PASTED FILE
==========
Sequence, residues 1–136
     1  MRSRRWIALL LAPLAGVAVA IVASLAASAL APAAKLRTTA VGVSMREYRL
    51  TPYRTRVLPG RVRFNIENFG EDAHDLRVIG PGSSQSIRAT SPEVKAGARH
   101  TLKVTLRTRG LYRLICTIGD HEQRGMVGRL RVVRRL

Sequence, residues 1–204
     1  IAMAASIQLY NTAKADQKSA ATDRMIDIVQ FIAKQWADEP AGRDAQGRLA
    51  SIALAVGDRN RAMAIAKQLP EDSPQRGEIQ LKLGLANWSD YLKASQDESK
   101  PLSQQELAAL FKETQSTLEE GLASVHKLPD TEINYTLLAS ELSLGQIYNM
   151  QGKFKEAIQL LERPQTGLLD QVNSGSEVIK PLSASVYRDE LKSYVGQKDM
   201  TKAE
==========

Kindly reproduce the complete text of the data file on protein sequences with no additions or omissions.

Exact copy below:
Sequence, residues 1–136
     1  MRSRRWIALL LAPLAGVAVA IVASLAASAL APAAKLRTTA VGVSMREYRL
    51  TPYRTRVLPG RVRFNIENFG EDAHDLRVIG PGSSQSIRAT SPEVKAGARH
   101  TLKVTLRTRG LYRLICTIGD HEQRGMVGRL RVVRRL

Sequence, residues 1–204
     1  IAMAASIQLY NTAKADQKSA ATDRMIDIVQ FIAKQWADEP AGRDAQGRLA
    51  SIALAVGDRN RAMAIAKQLP EDSPQRGEIQ LKLGLANWSD YLKASQDESK
   101  PLSQQELAAL FKETQSTLEE GLASVHKLPD TEINYTLLAS ELSLGQIYNM
   151  QGKFKEAIQL LERPQTGLLD QVNSGSEVIK PLSASVYRDE LKSYVGQKDM
   201  TKAE